Death of George Floyd Detonates Long-Overdue Social Revolution

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Last Monday George Floyd lost consciousness after a policeman in Minneapolis smothered him with his knee for nine minutes. The 47-year-old African-American had been arrested after officers received a call about a suspected forgery.

Floyd’s death sparked a social movement that has taken to the streets of the country — and some other cities around the world — denouncing the endogenous racism, race-biased police violence, and inequalities that have become even more visible during the coronavirus pandemic.

While the horrific video of Floyd’s death shocked the world, it is the latest chapter in an inhumane saga of law enforcement killings of people of color, which gave rise to movements like Black Lives Matter, and have been silenced by the news triage in the country.

Until last Monday, the nation seemed to have forgotten the death of teenager Michael Brown in 2014 that sparked the debate on police reform, and which followed the death of Eric Garner who, like Floyd, cried out for his life saying “I can’t breathe.”

Over the past few months, the death of 25-year-old Ahmaud Arbery at the hands of two white men while jogging in Georgia and the death of EMT Breonna Taylor in her own apartment, have been just a few more episodes that have added to the anger of a community tired of abuse.

“What is true about this moment that was also true in 2014 is that these are the symptoms of a centuries-old virus of white supremacy in America,” said Brittany Packnett Cunningham, co-founder of the Campaign Zero movement against police violence, to The Guardian.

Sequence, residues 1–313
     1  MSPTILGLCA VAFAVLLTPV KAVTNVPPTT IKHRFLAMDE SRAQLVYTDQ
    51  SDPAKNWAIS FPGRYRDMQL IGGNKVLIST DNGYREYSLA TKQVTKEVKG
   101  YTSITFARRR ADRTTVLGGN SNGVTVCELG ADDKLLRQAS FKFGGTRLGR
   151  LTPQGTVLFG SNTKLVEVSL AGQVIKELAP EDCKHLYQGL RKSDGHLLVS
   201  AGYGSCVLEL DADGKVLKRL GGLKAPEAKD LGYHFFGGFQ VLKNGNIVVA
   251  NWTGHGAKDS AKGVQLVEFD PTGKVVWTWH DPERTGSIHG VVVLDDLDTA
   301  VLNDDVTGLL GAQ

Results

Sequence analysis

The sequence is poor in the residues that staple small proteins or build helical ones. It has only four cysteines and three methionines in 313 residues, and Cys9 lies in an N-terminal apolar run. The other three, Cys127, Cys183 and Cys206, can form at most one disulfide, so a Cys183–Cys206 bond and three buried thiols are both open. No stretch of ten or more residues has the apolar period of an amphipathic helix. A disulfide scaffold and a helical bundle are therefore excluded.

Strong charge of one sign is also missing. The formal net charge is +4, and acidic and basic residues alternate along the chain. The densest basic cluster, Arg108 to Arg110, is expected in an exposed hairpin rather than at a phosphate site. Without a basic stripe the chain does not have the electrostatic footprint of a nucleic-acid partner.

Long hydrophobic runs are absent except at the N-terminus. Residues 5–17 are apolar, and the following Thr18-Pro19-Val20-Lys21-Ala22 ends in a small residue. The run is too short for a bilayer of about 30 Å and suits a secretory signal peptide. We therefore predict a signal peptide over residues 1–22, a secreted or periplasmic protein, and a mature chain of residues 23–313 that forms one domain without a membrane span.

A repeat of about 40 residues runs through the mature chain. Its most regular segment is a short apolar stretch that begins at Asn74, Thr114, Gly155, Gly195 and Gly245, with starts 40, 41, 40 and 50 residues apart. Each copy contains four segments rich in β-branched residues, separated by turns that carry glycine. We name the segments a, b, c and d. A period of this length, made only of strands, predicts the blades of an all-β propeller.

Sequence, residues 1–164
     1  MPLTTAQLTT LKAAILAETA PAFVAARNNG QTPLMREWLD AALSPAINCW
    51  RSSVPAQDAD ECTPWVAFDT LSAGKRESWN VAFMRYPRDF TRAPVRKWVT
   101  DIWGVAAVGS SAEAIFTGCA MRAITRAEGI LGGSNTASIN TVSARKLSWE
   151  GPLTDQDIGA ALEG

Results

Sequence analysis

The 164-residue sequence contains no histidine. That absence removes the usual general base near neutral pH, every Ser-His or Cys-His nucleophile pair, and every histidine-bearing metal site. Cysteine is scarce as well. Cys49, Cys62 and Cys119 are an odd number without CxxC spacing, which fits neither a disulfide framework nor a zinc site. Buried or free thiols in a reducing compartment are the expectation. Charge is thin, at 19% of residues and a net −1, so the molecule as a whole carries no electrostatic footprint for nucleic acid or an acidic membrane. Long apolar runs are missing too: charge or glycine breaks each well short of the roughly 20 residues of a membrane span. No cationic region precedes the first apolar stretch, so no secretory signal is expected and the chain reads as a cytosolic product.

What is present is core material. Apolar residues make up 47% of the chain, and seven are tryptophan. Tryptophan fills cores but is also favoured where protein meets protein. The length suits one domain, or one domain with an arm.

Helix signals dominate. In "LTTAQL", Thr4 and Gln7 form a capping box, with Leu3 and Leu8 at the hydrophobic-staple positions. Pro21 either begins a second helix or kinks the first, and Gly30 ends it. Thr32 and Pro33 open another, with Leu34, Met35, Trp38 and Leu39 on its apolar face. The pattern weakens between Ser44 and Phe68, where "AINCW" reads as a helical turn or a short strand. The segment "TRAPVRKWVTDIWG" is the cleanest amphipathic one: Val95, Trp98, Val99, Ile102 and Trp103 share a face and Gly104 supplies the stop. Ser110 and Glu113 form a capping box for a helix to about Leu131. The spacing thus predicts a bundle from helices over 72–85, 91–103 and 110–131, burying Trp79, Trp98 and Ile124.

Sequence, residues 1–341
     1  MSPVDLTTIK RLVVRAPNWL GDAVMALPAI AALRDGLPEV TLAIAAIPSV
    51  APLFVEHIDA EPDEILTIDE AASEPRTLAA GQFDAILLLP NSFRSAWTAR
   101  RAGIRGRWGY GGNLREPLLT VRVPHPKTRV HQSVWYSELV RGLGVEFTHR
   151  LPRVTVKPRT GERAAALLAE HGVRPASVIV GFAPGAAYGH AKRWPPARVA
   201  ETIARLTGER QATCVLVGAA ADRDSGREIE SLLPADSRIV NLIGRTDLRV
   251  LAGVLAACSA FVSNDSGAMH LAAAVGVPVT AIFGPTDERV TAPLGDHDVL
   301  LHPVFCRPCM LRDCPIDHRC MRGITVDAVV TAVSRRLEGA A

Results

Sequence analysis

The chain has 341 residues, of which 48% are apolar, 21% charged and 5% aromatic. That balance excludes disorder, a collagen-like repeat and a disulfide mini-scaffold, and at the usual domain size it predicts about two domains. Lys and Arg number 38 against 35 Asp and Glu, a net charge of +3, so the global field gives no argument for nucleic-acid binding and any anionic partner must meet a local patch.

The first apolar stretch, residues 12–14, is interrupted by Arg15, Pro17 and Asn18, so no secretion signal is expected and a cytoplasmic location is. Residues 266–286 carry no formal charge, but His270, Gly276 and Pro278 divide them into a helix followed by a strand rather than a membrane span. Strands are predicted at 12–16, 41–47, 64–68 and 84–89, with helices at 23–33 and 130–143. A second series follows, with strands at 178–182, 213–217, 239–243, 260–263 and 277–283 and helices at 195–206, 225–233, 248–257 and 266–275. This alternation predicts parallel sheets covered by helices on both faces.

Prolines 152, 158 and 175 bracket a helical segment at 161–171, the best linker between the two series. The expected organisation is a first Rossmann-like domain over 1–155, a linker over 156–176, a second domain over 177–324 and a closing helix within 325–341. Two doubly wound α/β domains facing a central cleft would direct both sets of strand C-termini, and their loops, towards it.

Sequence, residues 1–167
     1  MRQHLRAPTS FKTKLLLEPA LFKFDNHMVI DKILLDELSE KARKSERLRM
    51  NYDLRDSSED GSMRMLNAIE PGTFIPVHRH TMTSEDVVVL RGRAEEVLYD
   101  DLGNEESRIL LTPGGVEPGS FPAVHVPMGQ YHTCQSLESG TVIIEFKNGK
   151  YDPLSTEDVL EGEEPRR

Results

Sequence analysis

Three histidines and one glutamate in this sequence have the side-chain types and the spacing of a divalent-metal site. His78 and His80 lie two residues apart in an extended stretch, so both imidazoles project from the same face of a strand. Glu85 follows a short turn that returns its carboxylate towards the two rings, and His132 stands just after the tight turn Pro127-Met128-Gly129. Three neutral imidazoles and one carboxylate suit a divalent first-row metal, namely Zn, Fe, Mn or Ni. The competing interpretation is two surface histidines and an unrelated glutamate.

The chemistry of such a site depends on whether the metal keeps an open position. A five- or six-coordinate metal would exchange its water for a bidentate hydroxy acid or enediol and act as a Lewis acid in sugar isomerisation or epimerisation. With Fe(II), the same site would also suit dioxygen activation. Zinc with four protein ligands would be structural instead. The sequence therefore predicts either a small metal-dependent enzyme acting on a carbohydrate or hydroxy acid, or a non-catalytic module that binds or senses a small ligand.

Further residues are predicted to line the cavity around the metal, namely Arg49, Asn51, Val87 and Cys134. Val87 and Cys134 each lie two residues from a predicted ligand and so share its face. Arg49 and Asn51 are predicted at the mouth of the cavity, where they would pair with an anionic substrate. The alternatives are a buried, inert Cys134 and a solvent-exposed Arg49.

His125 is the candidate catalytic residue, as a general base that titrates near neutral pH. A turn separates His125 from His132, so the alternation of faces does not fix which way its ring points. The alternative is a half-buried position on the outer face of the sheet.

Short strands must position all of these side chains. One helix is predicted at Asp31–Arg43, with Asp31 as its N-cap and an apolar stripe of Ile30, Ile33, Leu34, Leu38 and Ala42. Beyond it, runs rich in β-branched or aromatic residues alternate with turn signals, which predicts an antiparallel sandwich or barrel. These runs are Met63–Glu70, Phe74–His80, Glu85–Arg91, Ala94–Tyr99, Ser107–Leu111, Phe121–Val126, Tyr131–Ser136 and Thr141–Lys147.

“The expectation that black activists and organizers and writers and leaders alone were going to be able to solve this in six years is as insulting as it is unrealistic.”

“It’s unrealistic because it took us hundreds of years to get into this set of circumstances, and it’s going to take us more than six years to get us out. And it’s insulting because it’s actually the work of non-black people to uproot anti-blackness, and it is the work of white people to dismantle white supremacy, because it directly benefits them.”

The authorities’ initial response to Floyd’s death was to fire the four officers involved in the murder, but the 47-year-old’s family demanded more.

“He didn’t deserve what happened to him,” Floyd’s cousin, Tera Brown, told CNN. “They took a life — they deserve life.”

The echo of that call has been felt in the streets ever since, when protesters began to gather on the streets of Minneapolis on Tuesday chanting “I can’t breathe.”

As prosecutors continued to drag out the arrest and conviction of the officers — especially Derek Chauvin, who can be seen in the video choking Floyd with his knee — the anger in the streets grew, to the point where protesters set fire to the Minneapolis Police Department’s precinct station.